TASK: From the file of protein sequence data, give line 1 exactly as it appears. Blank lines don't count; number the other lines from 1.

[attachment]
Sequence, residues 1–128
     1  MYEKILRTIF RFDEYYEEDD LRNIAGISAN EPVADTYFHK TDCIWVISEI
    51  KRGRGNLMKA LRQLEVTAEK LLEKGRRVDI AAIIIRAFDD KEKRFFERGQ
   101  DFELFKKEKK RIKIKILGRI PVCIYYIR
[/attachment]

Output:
Sequence, residues 1–128